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JOPLIN, MO - MAY 22: A wall is raised on a Habitat for Humanity house being built to replace one that was destroyed one year ago today after the town was hit by a castrophic tornado on May 22, 2012 in Joplin, Missouri. The EF-5 tornado left behind a path of destruction along with 161 deaths and hundreds of injuries, but one year later there are signs that the town is beginning to recover.  (Photo by Joe Raedle/Getty Images)

JOPLIN, MO – MAY 22: A wall is raised on a Habitat for Humanity house being built to replace one that was destroyed one year ago today after the town was hit by a castrophic tornado on May 22, 2012 in Joplin, Missouri. The EF-5 tornado left behind a path of destruction along with 161 deaths and hundreds of injuries, but one year later there are signs that the town is beginning to recover. (Photo by Joe Raedle/Getty Images)

An excerpt from an article in Technorati reports:

“For many businesses, supporting a not-for-profit organization in its mission is more than about providing a donation at the end of the fiscal year — it’s part and parcel to what they do as a company. Giving is integral to their identity.

In 2006, the company didn’t even exist, until founder Blake Mycoskie visited a community in Argentina, and noticed that many children there owned no shoes. Mycoskie created the concept of Tom’s Shoes, which sells a pair of shoes, and as part of the transaction a pair of shoes is donated to communities like the one he visited. It’s win-win for the customers, Tom’s Shoes, and needy communities around the world.

It didn’t take long for Mycoskie to bring 10,000 shoes back to Argentina with him. The concept has grown to include a line of Tom’s Eyewear. As part of what they do, employees of Tom’s are very proud of their contributions, and often get to travel with Mycoskie and his family to provide the donations.

Perhaps you can’t restructure what you do to such an integral level, but are there aspects of your small business’ goals that could have your charitable heart and soul merged within?” Small Businesses Bring Together Charities and Clients, Technorati, Author, Steve Woods, January 9, 2012.

Featured community service project: Kaiser Permanente Corporate ChallengeMcKenney’s employees took to the streets of downtown Atlanta on September 25 to participate in the 2008 Kaiser Permanente Corporate Challenge. This 5 kilometer run/walk event, held at Turner Field, was designed “to promote health, wellness and fitness among metro Atlanta companies and their employees.” The annual event, now in its 26th year, hosts over 15,000 runners and walkers from all over the city.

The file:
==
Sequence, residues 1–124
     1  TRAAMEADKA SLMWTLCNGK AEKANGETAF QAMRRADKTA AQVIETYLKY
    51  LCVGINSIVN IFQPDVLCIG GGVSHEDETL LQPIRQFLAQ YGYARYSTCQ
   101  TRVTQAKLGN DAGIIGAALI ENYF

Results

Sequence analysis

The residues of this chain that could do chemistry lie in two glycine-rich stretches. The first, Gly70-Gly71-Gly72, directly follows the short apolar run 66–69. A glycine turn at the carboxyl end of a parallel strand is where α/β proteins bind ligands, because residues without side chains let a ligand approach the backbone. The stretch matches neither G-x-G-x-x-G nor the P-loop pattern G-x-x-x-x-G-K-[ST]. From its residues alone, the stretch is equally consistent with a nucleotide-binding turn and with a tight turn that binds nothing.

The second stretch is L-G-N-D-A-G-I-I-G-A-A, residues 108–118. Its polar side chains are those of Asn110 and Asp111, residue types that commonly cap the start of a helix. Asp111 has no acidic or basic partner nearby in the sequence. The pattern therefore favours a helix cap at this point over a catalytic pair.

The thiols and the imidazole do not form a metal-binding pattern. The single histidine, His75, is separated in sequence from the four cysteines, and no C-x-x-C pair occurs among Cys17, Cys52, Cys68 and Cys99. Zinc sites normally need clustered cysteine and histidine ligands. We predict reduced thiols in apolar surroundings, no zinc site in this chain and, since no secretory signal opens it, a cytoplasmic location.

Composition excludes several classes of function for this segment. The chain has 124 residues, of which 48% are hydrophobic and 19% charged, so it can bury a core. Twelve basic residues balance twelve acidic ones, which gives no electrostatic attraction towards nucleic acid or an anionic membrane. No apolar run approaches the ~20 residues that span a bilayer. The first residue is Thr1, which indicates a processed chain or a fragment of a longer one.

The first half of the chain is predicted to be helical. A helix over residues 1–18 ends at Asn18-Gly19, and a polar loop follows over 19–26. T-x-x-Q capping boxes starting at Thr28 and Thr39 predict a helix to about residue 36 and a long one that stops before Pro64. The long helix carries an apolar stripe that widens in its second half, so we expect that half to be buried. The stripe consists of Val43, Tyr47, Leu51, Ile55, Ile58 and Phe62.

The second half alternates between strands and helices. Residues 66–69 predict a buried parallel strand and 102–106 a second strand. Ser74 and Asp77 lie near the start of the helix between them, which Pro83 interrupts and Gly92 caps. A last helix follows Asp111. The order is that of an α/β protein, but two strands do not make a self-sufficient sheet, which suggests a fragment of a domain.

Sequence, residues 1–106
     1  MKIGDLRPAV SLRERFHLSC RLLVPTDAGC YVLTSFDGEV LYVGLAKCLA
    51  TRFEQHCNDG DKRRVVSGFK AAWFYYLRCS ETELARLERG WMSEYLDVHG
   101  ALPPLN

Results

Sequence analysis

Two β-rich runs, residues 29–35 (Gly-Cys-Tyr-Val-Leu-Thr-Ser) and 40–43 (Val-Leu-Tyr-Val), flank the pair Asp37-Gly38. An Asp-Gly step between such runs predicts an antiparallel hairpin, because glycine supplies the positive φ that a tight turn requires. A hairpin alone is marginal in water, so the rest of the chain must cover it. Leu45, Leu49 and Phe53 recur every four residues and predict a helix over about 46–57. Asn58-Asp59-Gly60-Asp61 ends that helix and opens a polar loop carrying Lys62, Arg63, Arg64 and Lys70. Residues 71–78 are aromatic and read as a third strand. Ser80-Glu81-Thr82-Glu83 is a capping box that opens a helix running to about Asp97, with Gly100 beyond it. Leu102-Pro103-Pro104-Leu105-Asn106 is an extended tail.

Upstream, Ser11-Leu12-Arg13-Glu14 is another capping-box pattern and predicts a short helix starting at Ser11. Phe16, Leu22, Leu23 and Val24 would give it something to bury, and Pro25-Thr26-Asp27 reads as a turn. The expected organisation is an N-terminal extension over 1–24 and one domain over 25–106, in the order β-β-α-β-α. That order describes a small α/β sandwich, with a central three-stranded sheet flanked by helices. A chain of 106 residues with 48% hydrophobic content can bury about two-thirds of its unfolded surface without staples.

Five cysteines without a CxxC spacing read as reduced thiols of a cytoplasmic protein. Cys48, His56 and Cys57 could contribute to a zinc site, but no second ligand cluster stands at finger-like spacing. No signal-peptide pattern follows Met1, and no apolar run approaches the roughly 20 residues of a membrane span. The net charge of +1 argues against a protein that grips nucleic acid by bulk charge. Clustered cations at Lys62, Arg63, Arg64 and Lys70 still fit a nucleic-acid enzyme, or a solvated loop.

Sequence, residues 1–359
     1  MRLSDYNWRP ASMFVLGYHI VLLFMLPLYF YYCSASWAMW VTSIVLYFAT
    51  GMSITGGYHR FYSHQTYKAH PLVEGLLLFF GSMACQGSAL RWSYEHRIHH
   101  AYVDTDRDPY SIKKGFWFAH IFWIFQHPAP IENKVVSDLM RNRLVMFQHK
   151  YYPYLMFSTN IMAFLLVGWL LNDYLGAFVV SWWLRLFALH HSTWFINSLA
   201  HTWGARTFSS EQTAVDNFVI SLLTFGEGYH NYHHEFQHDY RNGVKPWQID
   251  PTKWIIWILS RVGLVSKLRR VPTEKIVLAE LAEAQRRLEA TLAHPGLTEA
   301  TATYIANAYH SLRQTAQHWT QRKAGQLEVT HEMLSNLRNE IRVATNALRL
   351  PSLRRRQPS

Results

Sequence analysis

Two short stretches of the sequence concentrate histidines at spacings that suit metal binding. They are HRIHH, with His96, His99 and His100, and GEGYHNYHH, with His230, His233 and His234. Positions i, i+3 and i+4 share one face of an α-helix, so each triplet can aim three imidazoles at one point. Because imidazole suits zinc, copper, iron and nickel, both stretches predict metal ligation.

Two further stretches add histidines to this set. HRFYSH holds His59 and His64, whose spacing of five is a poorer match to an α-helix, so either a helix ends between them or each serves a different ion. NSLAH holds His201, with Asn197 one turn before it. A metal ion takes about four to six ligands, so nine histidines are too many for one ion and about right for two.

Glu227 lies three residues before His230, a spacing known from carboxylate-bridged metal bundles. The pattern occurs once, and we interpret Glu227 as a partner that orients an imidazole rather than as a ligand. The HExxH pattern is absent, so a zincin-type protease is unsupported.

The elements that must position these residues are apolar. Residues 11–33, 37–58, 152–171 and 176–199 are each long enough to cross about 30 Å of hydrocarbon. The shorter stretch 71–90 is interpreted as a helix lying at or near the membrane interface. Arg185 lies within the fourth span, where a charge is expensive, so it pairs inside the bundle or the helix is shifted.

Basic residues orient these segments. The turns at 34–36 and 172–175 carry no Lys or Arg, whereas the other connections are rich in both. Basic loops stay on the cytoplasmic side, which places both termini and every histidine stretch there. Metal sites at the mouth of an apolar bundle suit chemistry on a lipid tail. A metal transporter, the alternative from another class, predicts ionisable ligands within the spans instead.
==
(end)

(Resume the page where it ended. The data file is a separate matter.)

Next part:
Featured community service project: Kaiser Permanente Corporate Challenge
McKenney’s employees took to the streets of downtown Atlanta on September 25 to participate in the 2008 Kaiser Permanente Corporate Challenge. This 5 kilometer run/walk event, held at Turner Field, was designed “to promote health, wellness and fitness among metro Atlanta companies and their employees.” The annual event, now in its 26th year, hosts over 15,000 runners and walkers from all over the city.

Besides, the tax advantages and the obvious goodwill image, a company can achieve by such an integration of this  philosophy , there is an impact that is made on the community that has far reaching effects.  It ultimately feeds into bettering the conditions that encourages economic prosperity and health.

There is a great need today in the charitable and non-profit world to not only get needed funds but to also receive active, regular participation and support from the business community in terms of funding, leadership and good old elbow grease.  The same talent that helps to make businesses efficient and successful will also help the charitable world do the same.

Interesting enough as that world is able to really become successful in providing services and goods to the needy , many of the expenditures we see in terms of addressing those same items that impact us in taxes will reduce.  The burdens of the problems, as a result of non-prevention or non-counteractive measures , I believe, will continue to rise, if we do not make being charitable a key part of our business mission.

In an economy that still is reeling under the great recession caused by policies and actions, real and perceived, by those who tried to maximize profits with no concern of the effect of such reckless risk taking, charity combo business models are resonating more in the financial markets and also in many customer bases.

It brings the company into the community and shows customers that the company really cares.  That personal message makes  most consumers turn into loyal advocates.  The residual is typically more business.  It operates on the principle of abundance. What you give , returns back to you many fold.

There is another benefit from such a business strategy.  The company employees enjoy a deeper experience from their employment with their firm. It allows them to experience the very personal satisfaction of service. It allows them to bond with fellow employees out of the office as they work on the charitable cause. This also helps to create a more loyal employee base by giving them a real value   that goes beyond their work.

The ultimate residual of this combo business strategy is simply feeling good about doing good. Just what your community and business needs.

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